Are 64% of Features Really Rarely or Never Used?

A very oft-cited metric is that 64 percent of features in products are “rarely or never used.” The source for this claim was Jim Johnson, chairman of the Standish Group, who presented it in a keynote at the XP 2002 conference in Sardinia. The data Johnson presented can be seen in the following chart.

Pie Chart of Feature Use in Four Internal-Use Products

Johnson’s data has been repeated again and again to the extent that those citing it either don’t understand its origins or never bothered to check into them.

The misuse or perhaps just overuse of this data has been bothering me for a while, so I decided to investigate it. I was pretty sure of the facts but didn’t want to rely solely on my memory, so I got in touch with the Standish Group, and they were very helpful in clarifying the data.

The results Jim Johnson presented at XP 2002 and that have been repeated so often were based on a study of four internal applications. Yes, four applications. And, yes, all internal-use applications. No commercial products.

So, if you’re citing this data and using it to imply that every product out there contains 64 percent “rarely or never used features,” please stop. Please be clear that the study was of four internally developed projects at four companies.

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Mike Cohn

About the Author

Mike Cohn specializes in helping companies adopt and improve their use of agile processes and techniques to build extremely high-performance teams. He is the author of User Stories Applied for Agile Software Development, Agile Estimating and Planning, and Succeeding with Agile as well as the Better User Stories video course. Mike is a founding member of the Agile Alliance and Scrum Alliance and can be reached at If you want to succeed with agile, you can also have Mike email you a short tip each week.



😊 the devil is in the detail!

Mike Cohn said…


Magne said…

Thanks for questioning this over-use of a study hardly anyone knows what really means. Typically it comes with the extra: “45% of the features delivered by TRADITIONAL projects are never used” - meaning that it is a strong motivation for agile development.
Apart from the question - answered by this blog - about how many projects they studied, there are numerous other issues that should have stopped us from using the results, such as:
1) What does the results mean? Does it mean that the features were never used by anyone, had never been used by anyone and would never be used by anyone in the future? Or did it mean something else? Hard to know.
2) If this (really never) is the meaning, how did they conduct the study to know this? I can see a lot of problems finding out to what extent this was the case.
3) How were the applications selected? I know agile projects delivering software that are not used at all and could consequently produce a study where I could make an even worse claim: “100% of the features delivered by AGILE projects are never used”. Are these worst cases, average cases, random sample, ....
4) The Standish group has a very bad record of study design and misleading results. Not reporting the study design (as they did here) may be good for them, but should stop us from listening/using their results.
The use of the results is, I think, an example of: “Don’t check a good story”. Good that someone does!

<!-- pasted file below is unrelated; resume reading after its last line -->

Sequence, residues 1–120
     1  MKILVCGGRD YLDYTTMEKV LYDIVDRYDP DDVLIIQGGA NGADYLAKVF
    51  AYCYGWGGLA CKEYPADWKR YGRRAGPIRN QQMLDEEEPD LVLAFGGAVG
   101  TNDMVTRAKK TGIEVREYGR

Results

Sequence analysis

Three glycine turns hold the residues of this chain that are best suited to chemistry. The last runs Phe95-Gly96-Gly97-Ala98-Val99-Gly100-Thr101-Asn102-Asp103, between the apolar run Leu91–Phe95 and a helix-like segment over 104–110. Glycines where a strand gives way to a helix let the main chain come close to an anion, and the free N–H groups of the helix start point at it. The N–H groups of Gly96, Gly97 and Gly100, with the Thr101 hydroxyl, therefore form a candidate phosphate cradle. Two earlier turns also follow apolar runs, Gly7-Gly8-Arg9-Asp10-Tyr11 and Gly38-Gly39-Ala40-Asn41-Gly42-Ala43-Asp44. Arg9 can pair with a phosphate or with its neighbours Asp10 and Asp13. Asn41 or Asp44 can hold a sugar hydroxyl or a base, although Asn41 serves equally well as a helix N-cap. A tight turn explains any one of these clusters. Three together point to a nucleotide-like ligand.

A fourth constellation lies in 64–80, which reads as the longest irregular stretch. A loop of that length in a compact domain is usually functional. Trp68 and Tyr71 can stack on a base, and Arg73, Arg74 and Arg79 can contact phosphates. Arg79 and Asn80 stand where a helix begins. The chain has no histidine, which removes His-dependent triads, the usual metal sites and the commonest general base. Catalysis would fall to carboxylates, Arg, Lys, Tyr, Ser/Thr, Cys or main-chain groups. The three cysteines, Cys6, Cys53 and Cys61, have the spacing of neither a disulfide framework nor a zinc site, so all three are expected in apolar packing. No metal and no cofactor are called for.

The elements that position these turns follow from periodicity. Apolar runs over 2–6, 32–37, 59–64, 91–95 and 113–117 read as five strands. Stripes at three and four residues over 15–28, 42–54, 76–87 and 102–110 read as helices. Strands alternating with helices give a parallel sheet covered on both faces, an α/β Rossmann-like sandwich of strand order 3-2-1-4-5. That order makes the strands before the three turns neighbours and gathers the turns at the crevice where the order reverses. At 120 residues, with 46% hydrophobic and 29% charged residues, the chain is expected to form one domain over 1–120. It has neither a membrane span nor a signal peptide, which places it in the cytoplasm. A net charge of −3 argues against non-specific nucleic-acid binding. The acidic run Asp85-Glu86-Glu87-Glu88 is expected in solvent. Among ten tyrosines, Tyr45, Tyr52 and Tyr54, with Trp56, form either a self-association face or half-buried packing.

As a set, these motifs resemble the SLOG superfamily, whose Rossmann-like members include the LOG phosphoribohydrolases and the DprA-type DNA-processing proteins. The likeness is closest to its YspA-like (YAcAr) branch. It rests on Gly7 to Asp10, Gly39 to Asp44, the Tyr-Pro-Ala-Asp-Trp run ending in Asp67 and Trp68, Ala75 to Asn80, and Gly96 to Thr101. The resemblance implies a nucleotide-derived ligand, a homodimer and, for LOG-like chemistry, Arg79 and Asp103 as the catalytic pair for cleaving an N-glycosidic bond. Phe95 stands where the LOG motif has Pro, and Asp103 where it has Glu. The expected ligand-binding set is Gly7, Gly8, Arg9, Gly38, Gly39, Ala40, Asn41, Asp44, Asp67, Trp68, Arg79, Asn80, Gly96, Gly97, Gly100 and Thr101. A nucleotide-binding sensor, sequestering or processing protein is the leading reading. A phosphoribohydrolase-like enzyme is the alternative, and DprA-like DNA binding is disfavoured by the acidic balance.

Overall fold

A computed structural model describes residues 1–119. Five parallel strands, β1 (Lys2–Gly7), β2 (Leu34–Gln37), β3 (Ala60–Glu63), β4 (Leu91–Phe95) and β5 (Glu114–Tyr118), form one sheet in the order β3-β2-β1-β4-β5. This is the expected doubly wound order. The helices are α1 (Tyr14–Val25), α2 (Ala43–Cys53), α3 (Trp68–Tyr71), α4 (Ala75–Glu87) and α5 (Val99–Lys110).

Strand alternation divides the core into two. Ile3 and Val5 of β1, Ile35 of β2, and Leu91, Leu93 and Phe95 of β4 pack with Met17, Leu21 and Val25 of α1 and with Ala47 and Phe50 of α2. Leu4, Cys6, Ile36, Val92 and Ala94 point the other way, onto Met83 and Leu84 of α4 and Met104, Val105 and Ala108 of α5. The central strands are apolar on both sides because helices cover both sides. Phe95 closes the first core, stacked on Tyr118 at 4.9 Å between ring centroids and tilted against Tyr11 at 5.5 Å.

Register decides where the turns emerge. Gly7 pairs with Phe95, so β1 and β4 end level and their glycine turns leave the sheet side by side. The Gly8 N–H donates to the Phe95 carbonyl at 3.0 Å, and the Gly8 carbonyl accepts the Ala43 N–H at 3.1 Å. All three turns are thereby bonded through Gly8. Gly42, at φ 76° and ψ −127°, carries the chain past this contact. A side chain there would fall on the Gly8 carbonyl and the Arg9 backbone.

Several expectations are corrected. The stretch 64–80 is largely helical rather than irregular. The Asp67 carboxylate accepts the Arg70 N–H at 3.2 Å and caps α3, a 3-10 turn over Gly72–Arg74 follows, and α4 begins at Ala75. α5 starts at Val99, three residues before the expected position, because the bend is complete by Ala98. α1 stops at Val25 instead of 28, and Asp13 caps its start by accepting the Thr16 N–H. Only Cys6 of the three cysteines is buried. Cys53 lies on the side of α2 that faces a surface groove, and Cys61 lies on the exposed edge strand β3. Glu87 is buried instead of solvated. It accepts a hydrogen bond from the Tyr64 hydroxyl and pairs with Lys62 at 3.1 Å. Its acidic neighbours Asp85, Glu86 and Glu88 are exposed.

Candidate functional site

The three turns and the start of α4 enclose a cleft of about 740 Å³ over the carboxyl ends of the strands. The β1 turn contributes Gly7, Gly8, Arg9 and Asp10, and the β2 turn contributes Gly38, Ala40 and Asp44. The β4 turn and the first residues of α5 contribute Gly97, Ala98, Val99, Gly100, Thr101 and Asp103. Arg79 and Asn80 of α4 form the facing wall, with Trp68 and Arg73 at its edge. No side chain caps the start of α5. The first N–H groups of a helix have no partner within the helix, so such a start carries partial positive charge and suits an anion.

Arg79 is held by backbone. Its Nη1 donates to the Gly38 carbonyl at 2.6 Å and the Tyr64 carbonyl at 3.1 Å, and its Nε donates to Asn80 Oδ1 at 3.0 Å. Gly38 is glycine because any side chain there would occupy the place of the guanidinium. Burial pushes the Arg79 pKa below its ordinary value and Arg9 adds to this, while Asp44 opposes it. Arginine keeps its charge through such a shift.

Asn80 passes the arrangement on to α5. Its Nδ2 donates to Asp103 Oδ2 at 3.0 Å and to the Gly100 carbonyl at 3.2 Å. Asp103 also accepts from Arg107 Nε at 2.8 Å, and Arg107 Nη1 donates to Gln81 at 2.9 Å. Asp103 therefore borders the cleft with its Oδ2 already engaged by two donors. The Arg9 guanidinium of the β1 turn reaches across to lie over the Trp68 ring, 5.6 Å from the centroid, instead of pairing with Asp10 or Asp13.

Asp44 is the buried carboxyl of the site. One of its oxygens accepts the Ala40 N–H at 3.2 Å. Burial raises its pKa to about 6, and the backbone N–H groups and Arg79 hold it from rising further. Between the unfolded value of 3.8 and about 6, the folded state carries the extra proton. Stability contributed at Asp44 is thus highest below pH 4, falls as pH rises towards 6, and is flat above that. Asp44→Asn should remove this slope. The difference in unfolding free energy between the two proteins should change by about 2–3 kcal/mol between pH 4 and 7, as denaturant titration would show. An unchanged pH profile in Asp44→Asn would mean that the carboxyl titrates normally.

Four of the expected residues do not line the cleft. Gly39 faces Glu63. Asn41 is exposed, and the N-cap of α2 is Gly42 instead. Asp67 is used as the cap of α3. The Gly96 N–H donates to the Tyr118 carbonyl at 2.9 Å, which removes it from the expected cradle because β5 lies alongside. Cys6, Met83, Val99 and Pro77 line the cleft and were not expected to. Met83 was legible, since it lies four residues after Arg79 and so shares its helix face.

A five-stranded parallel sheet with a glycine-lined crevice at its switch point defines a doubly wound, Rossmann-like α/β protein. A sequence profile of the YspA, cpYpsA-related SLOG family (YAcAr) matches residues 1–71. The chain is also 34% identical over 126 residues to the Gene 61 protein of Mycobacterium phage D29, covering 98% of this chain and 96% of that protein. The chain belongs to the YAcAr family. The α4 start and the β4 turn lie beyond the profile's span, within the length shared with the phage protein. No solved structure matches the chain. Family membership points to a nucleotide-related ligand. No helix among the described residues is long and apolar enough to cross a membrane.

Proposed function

PS: I just wrote a paper finding that agile (but not all types of agile) did lead to more successful projects in terms of client benefits, so this is not about whether we should believe that agile leads to benefits or not.

Mike Cohn said…

Thanks, Magne.
The constant references to this study just kept bothering me. It seemed like the results were being accepted more and more as absolute, universal fact when it seems like there’s a lot to be questioned here and not even Standish was proposing the data to apply to all projects.
Yes, you bring up a great list of issues with their data.
As for your (1) absolutely—the whole time issue is key. Survey a group too soon in their use of a system and, of course, many advanced features will never be used. In writing this little post I really tried to find an article I came across a few years ago that was about feature use in Microsoft Office. It seemed like a good study. It looked at feature use by individuals and then feature use by the “workgroups” those individuals were in. I think the workgroups were about 10 people on average. I’m not going to guess at the percentages but they were quite low for individuals. That is, you or I individually don’t use much of, say, Word on a regular basis. And even the features we use say “occasionally” isn’t very big. But our “workgroup” when combined used a pretty good percentage of each of the Office products they measured. It was really fascinating and I wish I could have found it again. Unfortunately googling for things like “Office feature usage” finds mostly marketing stuff.
For (2) and (3), they told me, “In late 1990s we were doing a round of our annual focus groups of CIO, VPIT, etc.  Many of the respondents expressed that they were over building their applications.  Some of them agreed to participant in a study to find out the extent of this issue.  The Sardinia data is from 100 software development projects for mission critical business applications.  The projects had to be in use for a year or more.  In 2001, we randomly selected 4 projects from 25 organizations that agreed to participant.  Then we did an inventory of the major features and functions. We then asked about the use of each of functions in a user/stakeholder workgroup.”
Which paper of yours shows agile leading to more successful projects?
I reference your work (with Stein Grimstad) on anchoring frequently, as well as much of your other work, and try to stay current with your papers at… <https:”” people=”” magnej=”“>
Thanks for your comments.

Magne said…

Would be interesting to know what they actually and how they measured feature use.